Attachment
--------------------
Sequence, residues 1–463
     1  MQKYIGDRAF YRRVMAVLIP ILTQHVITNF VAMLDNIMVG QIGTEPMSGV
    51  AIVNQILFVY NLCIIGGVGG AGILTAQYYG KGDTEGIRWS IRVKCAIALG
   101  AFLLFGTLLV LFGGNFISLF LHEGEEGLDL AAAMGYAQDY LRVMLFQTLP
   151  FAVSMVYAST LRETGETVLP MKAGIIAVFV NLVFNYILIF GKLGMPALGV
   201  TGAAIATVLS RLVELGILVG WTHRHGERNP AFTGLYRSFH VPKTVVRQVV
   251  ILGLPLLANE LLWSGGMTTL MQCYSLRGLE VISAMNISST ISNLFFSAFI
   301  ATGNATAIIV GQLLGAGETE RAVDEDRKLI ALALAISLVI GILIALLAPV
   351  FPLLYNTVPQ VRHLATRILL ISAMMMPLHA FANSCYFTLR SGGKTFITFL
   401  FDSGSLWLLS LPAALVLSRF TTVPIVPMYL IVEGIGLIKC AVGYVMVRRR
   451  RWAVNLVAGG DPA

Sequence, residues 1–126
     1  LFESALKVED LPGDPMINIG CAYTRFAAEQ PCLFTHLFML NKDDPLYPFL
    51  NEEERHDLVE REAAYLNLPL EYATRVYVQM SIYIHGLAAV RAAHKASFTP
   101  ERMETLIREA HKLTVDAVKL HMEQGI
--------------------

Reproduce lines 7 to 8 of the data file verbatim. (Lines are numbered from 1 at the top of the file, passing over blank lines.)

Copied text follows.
   251  ILGLPLLANE LLWSGGMTTL MQCYSLRGLE VISAMNISST ISNLFFSAFI
   301  ATGNATAIIV GQLLGAGETE RAVDEDRKLI ALALAISLVI GILIALLAPV